The Surprising Benefits of Being an Introvert
Have you ever met a person that seemed unfriendly, shy or antisocial? Maybe you’ve even gotten the impression that they are lonely. The person you have met is probably an introvert. There are a lot of misconceptions about introverts, but in many cases being an introvert can be an asset.
I consider myself an introvert. I enjoy spending time alone. It gives me time to gather recharge from the activities of the day, to gather my thoughts and get rid of any negative energy so I am able to focus on the positives.
Introverts take longer to process information than extroverts because an introvert takes extra time to understand ideas before moving on to new ones.
We are programmed to think we need to stand up and be heard in order to be successful, introverts can achieve more if they use their natural talents. It’s not about becoming a fake extrovert, it’s about being who you really are and acknowledging the valuable traits introverts bring.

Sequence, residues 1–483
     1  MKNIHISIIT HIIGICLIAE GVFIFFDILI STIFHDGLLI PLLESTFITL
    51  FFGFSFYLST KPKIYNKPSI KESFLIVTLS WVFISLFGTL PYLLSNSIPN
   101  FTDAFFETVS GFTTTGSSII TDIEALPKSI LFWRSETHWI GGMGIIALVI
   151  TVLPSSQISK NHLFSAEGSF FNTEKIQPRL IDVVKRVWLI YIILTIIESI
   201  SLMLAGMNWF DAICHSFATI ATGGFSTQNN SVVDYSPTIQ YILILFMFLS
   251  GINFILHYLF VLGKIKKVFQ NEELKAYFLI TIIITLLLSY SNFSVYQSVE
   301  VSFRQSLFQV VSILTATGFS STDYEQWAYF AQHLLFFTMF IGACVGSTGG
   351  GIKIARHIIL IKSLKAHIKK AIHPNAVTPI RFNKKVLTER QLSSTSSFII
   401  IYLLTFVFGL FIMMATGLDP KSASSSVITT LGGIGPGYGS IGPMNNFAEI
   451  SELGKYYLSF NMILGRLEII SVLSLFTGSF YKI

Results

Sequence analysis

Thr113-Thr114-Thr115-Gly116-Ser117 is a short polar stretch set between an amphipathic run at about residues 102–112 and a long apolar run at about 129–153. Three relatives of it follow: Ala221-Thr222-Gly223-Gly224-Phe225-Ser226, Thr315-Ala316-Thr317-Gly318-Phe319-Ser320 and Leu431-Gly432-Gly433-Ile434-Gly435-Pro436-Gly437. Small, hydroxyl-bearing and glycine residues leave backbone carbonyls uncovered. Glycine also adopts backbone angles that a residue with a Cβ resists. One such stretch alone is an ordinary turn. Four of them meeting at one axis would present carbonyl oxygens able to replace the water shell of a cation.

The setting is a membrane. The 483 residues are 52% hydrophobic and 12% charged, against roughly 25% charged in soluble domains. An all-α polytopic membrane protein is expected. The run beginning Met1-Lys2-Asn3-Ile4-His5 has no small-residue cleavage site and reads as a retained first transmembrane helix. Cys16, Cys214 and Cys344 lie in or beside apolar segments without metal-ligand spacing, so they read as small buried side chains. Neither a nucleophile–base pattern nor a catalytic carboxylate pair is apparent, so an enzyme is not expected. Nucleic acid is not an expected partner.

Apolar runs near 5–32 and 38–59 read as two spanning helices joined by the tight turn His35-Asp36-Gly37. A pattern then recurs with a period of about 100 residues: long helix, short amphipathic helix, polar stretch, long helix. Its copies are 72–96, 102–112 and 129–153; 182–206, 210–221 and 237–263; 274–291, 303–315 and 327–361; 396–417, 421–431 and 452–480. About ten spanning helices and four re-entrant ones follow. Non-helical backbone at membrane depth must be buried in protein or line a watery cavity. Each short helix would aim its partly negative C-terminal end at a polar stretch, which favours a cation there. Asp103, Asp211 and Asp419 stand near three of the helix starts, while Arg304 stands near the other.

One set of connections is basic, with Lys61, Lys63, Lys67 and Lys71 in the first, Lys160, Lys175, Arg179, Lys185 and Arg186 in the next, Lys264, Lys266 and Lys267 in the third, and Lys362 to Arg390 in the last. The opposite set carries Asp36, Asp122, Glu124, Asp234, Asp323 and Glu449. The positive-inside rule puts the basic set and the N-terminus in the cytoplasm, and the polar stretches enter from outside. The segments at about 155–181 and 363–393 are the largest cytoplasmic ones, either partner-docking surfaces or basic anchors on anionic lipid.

Some of the benefits of being an introvert are:
Introverts are good listeners:
Introverts are naturally adept when it comes to actively listening. They are the ones friends or colleagues go to when you are upset. Introverts process information internally. This gives them the skill allowing them to hear, understand, and provide carefully considered insight.
Introverts think before they speak:
Because introverts feel less comfortable speaking than listening, they choose their words wisely only speaking when they have something to say.
Introverts are observant:
Introverts notice things others might not notice because they are talking and processing out loud. Introverts are more likely to notice body language and facial expressions making them better at interpersonal communication.
Introverts make quality friends:
Introverts are careful when they bring someone into their lives. They would rather have a few close friends instead of a large group of acquaintances. The ability to make quality friends causes introverts to be loyal, attentive, and committed friends.
Introverts are compassionate leaders:
Introverts can make the best leaders when they channel their natural strengths. Because introverts process information thoughtfully and slowly, they tend to learn more about their subordinates. They have focused conversations in order to learn the skills, passions and strengths of team members.
Next time you met someone who seems standoffish, antisocial, shy, or lonely, don’t be so quick to form a judgment. Remember the old saying, “Don’t judge a book by its cover.” Don’t judge people by what is on the surface. Get to know them, they may be more like you than you realize.